Nikon D750 review

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  • 6.5fps burst shooting
  • 91,000-pixel RGB metering sensor
  • Brilliant 1,230-shot battery life

Enthusiast photographers are a demanding bunch – they want to be able to shoot all sorts of subjects in a wide variety of situations and get top-notch results. On the whole the D750 won't disappoint these users. It's extremely capable and can deliver superb, sharp images with natural colour, perfect exposure, plenty of detail and well controlled noise in a wide range of situations.

Exposure metering is handled by a 91,000-pixel RGB sensor and this enables face detection metering even when the image is composed in the viewfinder – although rather unhelpfully you are unable to see when a face has been detected.

I have yet to come across an infallible metering system, but the D750's Matrix metering system is very good. During my testing it managed to deliver perfectly exposed results even when shooting some very bright subjects like yellow backlit leaves. This doesn't mean that the exposure compensation wasn't required on a few occasions – it was, but never when I wouldn't expect it to be and it wasn't needed on a few occasions when I thought it might.

The D750's automatic white balance system also does a very good job in most conditions. The second Auto setting, which is specifically intended to retain the warm notes of warm lighting, is useful on occasion. But if you really want the warm glow of evening sun to be recorded then the Daylight option is your best bet.

Occasionally, there is an inexplicable colour shift of a sequence of images when using the automatic white balance settings and it seems likely that the automatic scene recognition system aspect of the processing is responsible.

Like the D810, the D750 uses the EN-EL15 Li-ion battery and when flash is used Nikon claims that it will last for 430 shots. Without flash, this extends to up 1,230 shots. Nikon has also introduced the MB-D16 battery pack to complement the D750 for longer shoots.

As it has included Wi-Fi connectivity in the D750, Nikon has gone a step further than Canon with its EOS 7D Mark II for those wanting to control the camera remotely. However, Nikon's free Wireless Mobile Utility (WMU) app only offers very limited control over the camera. The live view image can be seen on a smartphone screen and the autofocus point can be set with a tap on the screen, but there's no control over the exposure settings. It is in effect just a wireless remote release with live view.

Of course the biggest news about the back of the D750 is that the 3.2-inch 1,229,000-dot RGBW screen (the same as on the D810) is mounted on a tilting bracket. This enables the screen to be tipped up through 90 degrees and down through 75. It doesn't help with selfies, but it makes shooting movies and landscape format stills at high or low angles more comfortable. It's a good display that shows plenty of detail.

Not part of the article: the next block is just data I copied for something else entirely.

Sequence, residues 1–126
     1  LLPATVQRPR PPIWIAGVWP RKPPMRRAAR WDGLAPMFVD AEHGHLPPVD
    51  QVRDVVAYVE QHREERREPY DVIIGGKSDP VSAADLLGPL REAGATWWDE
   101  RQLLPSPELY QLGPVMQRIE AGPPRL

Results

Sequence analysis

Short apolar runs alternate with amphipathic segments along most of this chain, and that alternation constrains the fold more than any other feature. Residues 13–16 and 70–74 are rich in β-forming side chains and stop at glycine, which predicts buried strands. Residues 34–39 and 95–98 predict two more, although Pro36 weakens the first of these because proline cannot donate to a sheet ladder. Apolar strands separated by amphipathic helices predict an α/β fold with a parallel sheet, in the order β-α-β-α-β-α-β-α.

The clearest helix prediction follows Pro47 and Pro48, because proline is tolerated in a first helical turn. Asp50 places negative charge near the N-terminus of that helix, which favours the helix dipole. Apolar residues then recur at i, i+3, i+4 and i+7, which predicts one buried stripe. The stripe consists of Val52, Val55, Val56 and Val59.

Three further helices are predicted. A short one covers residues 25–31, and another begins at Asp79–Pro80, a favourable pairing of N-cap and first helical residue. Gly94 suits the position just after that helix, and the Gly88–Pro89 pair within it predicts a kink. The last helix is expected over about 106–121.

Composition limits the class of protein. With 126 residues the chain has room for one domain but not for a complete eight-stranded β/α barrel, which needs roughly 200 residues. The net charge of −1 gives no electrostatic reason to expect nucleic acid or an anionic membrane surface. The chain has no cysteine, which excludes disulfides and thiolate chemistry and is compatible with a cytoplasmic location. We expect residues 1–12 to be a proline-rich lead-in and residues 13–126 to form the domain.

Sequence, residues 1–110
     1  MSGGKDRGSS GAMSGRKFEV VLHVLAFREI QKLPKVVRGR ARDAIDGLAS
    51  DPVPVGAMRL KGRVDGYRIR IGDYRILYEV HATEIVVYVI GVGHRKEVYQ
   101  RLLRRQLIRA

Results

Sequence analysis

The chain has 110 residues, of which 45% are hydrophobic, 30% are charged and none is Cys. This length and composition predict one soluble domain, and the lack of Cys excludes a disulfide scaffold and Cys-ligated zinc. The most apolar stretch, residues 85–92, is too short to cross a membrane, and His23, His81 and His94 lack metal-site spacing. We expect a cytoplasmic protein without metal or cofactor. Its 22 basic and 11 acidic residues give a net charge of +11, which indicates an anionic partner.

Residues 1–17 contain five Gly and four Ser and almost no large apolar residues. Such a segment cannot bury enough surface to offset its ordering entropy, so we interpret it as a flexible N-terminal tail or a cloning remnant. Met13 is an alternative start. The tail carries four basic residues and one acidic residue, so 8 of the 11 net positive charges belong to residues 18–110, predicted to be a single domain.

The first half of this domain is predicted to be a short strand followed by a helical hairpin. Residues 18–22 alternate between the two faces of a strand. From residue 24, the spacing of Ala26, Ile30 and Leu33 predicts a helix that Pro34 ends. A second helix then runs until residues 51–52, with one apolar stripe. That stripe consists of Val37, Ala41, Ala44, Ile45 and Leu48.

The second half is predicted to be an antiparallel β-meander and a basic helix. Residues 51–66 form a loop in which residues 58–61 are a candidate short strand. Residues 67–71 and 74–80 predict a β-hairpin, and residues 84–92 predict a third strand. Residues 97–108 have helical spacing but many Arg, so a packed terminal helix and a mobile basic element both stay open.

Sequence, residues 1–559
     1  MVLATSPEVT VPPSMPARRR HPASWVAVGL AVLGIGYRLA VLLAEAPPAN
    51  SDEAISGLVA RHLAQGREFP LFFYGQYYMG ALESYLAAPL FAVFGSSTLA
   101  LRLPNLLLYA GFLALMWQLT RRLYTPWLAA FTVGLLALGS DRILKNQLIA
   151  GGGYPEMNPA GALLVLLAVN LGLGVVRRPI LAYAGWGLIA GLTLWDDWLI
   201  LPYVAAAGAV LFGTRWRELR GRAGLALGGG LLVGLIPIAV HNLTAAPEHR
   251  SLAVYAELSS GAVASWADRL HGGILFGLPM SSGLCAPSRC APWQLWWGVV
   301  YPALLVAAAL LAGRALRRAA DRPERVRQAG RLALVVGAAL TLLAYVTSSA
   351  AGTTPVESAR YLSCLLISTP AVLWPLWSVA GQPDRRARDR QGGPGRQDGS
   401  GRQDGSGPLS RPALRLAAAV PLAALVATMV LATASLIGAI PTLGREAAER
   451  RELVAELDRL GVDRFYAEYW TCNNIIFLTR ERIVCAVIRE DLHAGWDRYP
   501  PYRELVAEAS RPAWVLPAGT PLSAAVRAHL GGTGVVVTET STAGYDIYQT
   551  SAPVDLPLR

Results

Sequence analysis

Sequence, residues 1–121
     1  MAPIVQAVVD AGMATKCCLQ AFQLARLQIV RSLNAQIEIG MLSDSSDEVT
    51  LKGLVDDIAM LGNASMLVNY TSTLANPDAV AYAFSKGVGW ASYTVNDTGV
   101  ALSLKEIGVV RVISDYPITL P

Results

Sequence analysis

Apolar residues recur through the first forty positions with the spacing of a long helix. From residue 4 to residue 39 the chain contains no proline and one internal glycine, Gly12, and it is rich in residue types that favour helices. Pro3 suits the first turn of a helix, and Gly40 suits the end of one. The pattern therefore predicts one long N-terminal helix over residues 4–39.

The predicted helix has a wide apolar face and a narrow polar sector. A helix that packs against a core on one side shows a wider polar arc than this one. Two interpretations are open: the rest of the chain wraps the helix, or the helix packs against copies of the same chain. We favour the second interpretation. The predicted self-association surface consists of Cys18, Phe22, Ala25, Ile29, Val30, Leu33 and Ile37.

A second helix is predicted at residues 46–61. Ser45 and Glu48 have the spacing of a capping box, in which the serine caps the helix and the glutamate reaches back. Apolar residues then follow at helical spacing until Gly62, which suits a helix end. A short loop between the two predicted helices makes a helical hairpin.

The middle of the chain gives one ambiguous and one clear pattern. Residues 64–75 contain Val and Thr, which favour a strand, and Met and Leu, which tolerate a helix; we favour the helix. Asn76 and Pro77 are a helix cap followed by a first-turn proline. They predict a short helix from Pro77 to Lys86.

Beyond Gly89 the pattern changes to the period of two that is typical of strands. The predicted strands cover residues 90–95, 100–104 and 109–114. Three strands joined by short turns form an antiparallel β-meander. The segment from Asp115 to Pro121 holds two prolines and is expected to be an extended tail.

Image quality

  • ISO100-12,800, expandable to 50-51,200
  • Built-in low-pass filter
  • +/-5 EV exposure compensation in 1/3 or 1/2 stop increments

As it has a 24-million-pixel sensor with an anti-aliasing filter, the D750 isn't be able to match the D810 for detail, but it can record a little more than the D610. This is the result of the development in sensor and processor technology since the arrival of the D610. It's worth bearing in mind that many consider the D610 a hasty upgrade to the D600, which was only brought about to correct the problem with the shutter spraying oily material onto the sensor.

Our tests reveal that the D750 controls noise very well. Even when the noise reduction is turned off in the processing of raw files shot at ISO6,400, there is only a little chroma noise visible at 100%. Step up to the native maximum of ISO 12,800 and chroma noise (coloured speckling) becomes more noticeable at 100% on-screen, but it is still controlled very well and the level of detail is impressive, even in shadow areas. Simultaneously captured JPEGs have no chroma noise, but there is luminance noise and images look at little softer under close inspection.

Though dynamic range and detail levels drop off at the expansion sensitivity settings, the results still look pretty good. Even images taken at the maximum sensitivity (ISO51,200) can make decent A3 prints.

It's useful for giving images extra 'bite' straight from the camera. I found the results created in the Monochrome Picture Control mode with the Clarity and Contrast (an image-wide adjustment) were often very pleasant. Part of the beauty of the Picture Controls is that they can be used when shooting raw and JPEG files simultaneously and this means you have a full colour file for processing as well as a treated JPEG.

Conversely, even if raw and JPEG recording is selected, rotating the mode dial to the Special Effects option results in only JPEG images being recorded. Theses Effects can be previewed in Live View mode. In many cases previewing the image is enough to convince you to not use the Effect.

Picture Control set to monochrome
Phil Hall

Phil Hall is an experienced writer and editor having worked on some of the largest photography magazines in the UK, and now edit the photography channel of TechRadar, the UK's biggest tech website and one of the largest in the world. He has also worked on numerous commercial projects, including working with manufacturers like Nikon and Fujifilm on bespoke printed and online camera guides, as well as writing technique blogs and copy for the John Lewis Technology guide.